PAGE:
For the past year and a half, Iâ€™ve been working on a project within a big local company on an on-and-off basis. Despite being in an old and somewhat slow company, the project has been anything but. The manager of the project is a real visionary and takes great pride in defying convention. Hereâ€™s an example:
Yesterday we (16 of us) gathered in a studio in the Capitol Hill neighborhood of Seattle. Our task, on the clock, was to create a play during the day and perform it for our friends and family that night. The play would tell the story of our team and we would have the help of a group of theater professionals.
Update: The pictures from the play's production are here.
As we received our directions, we were a bit stunned. A play? What does this have to do with the project? WTF? Those of us who have been with the project have learned to roll with these types of things.
The day was spent brainstorming and playing improv games that warm you up and train you to think on your feet. One of my favorites was Bippity-Bippity Bop.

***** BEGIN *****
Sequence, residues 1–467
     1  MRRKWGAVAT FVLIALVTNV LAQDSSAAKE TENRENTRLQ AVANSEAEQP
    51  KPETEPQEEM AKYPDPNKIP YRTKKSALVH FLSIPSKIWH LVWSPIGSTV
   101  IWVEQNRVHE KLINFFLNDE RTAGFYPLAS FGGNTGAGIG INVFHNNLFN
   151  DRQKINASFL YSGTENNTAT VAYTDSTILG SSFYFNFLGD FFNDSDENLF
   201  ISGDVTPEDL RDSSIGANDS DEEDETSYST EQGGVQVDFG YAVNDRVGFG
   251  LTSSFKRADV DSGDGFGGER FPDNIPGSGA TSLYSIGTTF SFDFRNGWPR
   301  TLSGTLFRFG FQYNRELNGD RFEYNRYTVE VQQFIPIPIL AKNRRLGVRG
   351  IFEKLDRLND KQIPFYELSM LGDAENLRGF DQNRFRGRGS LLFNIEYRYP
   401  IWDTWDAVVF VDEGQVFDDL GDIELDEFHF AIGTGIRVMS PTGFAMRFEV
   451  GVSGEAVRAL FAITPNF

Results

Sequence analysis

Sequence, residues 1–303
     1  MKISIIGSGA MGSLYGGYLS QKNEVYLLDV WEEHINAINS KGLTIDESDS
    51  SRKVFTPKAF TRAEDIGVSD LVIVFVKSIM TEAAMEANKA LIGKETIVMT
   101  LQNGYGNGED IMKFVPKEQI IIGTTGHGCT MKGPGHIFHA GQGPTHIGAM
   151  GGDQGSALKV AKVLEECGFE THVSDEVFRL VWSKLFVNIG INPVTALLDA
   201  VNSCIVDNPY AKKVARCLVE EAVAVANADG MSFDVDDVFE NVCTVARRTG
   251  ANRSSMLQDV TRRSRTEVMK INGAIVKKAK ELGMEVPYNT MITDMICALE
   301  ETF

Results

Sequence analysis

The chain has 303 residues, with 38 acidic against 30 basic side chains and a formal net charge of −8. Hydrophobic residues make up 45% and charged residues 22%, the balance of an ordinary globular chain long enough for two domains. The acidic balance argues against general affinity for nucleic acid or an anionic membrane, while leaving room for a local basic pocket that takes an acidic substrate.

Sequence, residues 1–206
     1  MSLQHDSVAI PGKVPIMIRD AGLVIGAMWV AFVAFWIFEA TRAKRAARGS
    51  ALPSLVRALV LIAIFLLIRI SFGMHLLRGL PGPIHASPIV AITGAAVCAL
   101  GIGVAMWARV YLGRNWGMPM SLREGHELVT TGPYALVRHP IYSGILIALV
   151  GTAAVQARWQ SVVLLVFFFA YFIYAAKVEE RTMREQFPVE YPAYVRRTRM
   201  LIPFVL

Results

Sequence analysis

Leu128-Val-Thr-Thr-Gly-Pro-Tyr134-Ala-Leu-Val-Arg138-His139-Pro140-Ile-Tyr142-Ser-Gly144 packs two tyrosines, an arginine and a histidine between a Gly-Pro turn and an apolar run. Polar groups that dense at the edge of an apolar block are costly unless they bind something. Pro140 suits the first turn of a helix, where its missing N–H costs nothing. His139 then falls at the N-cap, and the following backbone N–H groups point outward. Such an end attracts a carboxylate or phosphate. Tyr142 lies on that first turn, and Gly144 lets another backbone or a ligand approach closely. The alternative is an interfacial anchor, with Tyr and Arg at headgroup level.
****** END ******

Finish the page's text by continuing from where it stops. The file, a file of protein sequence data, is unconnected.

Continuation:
Our performance was at 7pm and our audience gathered in the auditorium. The lights went out and we stepped onto the stage. Quite unbelievably, it went better than expected. We were more emotive, clear and organized that we ever thought possible. Despite the last minute rush to finish, we actually told a story (which we didnâ€™t realize until later).
Today we spent 4 hours debriefing the whole thing and the connection to the project became very real. Looking back on our work together, the process of creating the play was a microcosm of our development process. We organized ourselves similarly, we dealt with conflict similarly and the same problems arose.
In the end, we got to a space where we were very honest with on another about why we have the problems we have. Looking at a microcosm of the project allowed us to realize our weaknesses and opportunities and voice them in new ways.
From the outside, it may seem like a colossal waste of time, but we made progress today in the debrief that could not have been made without the experience of creating a play together. Over and above that, I got a little education of the theater, which I appreciate more than ever before.